Bank of America cuts credit lines
In light of an upcoming stress test from the Federal Reserve and Bank of America CEO Brian Moynihan’s quest to reduce risk across all credit lines as well as raise capital, the bank is cutting off lines of credit to some small businesses, demanding their balances be paid in full, according to the Los Angeles Times.
While Bank of America claims they notified borrowers up to a year ago that their loans would be called due or that they would have to pay at an accelerated rate at a higher rate, dozens of businesses told The Times that they never got notification in advance, only a notice that their business loan is now due. Additionally, borrowers will be given annual reviews and fees, along with reductions in the maximum amount of credit they can access.
According to the November Small Business Optimism Index from the National Federation of Independent Business, 34 percent of small business owners reported borrowing on a regular basis, up 4 percent from October, with one in ten reporting that loans were more difficult to obtain than their last attempt.
Small business owner, Babak Zahabizadeh told The Times he has already cut back on more than half of his staff throughout the recession and was recently notified that the $96,000 debt must be repaid in full before the end of January. A Bank of America loan officer offered a two year repayment plan at 12 percent interest as the alternative which he said is not only unaffordable, but is ten times more per month than he currently pays. His offer to double his monthly payments was rejected.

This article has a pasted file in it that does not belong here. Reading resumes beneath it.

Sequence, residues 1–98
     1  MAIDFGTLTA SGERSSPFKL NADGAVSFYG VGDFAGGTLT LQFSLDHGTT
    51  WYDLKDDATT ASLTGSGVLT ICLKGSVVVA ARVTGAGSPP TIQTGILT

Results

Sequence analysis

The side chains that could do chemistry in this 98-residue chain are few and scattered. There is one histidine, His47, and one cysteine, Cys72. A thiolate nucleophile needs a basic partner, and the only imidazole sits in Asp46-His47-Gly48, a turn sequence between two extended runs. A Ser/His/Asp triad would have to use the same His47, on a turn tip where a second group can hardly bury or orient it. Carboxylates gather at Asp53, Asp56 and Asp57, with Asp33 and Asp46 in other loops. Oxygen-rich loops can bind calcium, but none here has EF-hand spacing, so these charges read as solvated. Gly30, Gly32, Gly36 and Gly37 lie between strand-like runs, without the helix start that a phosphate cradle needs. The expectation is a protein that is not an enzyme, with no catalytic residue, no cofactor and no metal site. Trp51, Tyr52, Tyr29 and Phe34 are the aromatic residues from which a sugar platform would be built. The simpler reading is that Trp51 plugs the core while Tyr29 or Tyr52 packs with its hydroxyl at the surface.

Bank of America denies claims
“We put in some standard practices for a very small percentage of customers – such as a maturity date and an annual renewal process – to better align the terms and conditions of these credit agreements with those of our current line of credit products,” Bank of America spokesperson, Jefferson George said in a statement, adding that the Times story is simply “speculation” and they are not cutting credit lines across the board, only a small portion.
There is no word on how many business have been impacted and we have not independently verified the credit worthiness of the businesses receiving notices, despite their current account standing.
Zahabizadeh is not alone – The Times interviewed other California business owners that claimed the same situation, like Kathleen Caid whose Antique Artistry Studio continued to run up their credit line which they were told would remain in place so long as they did not default, which she claims they have not. Bank of America says that her credit-line debt of $80,000, is due in May.
Bank of America has several commercials (like the one below) that promote their dedication to small businesses which they say they maintain. Many business owners are saying they understand a tightening of credit but not severing credit lines and calling them due. When asked how he would react as a small business owner if Bank of America called his loans due, JobCannon.com CEO Matt Genovese said his message to the bank would be, “Thanks for being my partner, partner.”